uul cor. of Wmhmirtun and rhurllon St.. N. V.
M,ld bv all Urnaxit and Draler.
ALT. QT.or
11 3
I:i th? wo.i li-r i m,!Mn' MwM "i tVaftir
.re aVivs I::i!-l lit tV riisroverer b
I:jv4 li na4 roziVnnd i t irmnnif mo'e i t X:
fnr.;"4 nun -,vero!-m etirativrj pt.--rti- wliic
l.i:l ha iustili-.it lntn t'10 xv :aVe ktn-lo-n f.
h,;alin t!ie nrk, th.m venrri-r bef ire romlum-'
in n:ie u.c licino. The evi k-ire of t!n fact i
'junrl m t'ie ?-:-it rari'-r of mot obtiiiatu tli
i!aes w-urh it h n liern f.mii'l to conquer In the
care of ISroiicltitiH, Horrre t'oucliv,
and the early m.i-i of C'9iia iii'illon, it ha
astonlh(il tho medical faculty, a id eminent phy
icians pronouns it the L'reatest medical dlacorc
rjr of the ae. WtiUe it cures the eercre-t Con "h
it rtrenthens tho svstem and pit ri (lea ihe
blood. By its grcit and th.irou-.-h hlood pnrify
in? properties, it cure all Humor. Im-n tho
wost Scrofula t. a co:nm .ti IlioCcIt, PI rn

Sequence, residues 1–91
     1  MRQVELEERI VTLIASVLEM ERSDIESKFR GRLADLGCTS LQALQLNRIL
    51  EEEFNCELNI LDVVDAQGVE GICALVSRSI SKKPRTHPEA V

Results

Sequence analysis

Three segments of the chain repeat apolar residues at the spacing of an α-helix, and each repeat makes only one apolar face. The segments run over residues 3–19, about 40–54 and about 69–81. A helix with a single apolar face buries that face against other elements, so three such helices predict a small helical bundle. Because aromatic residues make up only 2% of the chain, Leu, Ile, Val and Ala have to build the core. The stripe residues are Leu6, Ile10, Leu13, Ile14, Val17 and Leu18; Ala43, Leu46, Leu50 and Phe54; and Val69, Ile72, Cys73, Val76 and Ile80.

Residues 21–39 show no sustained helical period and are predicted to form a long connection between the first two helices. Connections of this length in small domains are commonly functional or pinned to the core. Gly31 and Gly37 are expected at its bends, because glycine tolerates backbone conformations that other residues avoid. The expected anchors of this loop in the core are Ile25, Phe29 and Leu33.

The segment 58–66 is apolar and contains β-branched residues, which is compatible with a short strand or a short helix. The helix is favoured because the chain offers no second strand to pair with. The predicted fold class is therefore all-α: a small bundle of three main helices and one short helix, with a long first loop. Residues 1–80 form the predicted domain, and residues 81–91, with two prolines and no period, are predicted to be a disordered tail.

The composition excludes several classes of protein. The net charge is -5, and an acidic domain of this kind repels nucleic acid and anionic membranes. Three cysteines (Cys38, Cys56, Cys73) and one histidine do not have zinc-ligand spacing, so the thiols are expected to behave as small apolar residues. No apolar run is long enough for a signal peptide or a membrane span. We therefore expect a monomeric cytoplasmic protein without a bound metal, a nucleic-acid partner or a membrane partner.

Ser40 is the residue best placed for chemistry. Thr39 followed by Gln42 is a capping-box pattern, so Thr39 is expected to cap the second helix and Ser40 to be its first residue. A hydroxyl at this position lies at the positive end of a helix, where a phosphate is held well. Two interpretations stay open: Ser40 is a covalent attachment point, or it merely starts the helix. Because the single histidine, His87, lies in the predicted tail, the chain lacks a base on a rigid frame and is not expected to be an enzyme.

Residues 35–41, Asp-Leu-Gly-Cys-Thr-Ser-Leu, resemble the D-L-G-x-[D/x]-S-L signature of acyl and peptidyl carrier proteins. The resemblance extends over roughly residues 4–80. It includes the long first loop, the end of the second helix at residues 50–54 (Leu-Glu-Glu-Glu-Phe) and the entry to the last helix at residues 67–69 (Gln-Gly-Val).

ple,orEuruptlii. Mectinal disease Mine,
tal Poison, and their effect. ar erailir.iil, and
rigorous health and a Bound cin-titnrmn etali
lished. Erysipelas, K;lt It t-n in, rer
Korea, Scaly or llou;!i skin, m h.n
all the nunerons diea-e cuised bv hi I
are C Miiucn d bv this powerful purifyin 'and iu'
viiriratin r m vlieine.
lfyoiif'.-Hdiid.drmTsT. de'iil'Ht'-d have sail iw
col.ir of akin or y.l!.iri-,h i.-u.,i -tH,t on fcu-e or
body, fre-vle. it hea-Ucrio or dizzmt;-. bad ta-te in
mouth, internal In it or c.ii!i alternated wnh hot
ilnshe. biw fpirits. and I-kv.iy lurvlKalin ii-renlaranp'-tile.
ami ton no coate-1. von areufl t
in fmn Torpid Liver or ''Hilliiou
ncn." In nuny ca', of "uer I'om
plaint" only part olthe-e nymph en are expe
rirnced. As a remedy f r all ni' ii ra-e lir.
Herce's Gulden Medical Discovery his no eit:al
aiteav-tsperfW-tcnr'-. i.-avin .-the livritre-nrth-cne.I
a el h'Mitny For the cn'e ot Habitual
C9 ttialioil ol the bowels it isa mwr lail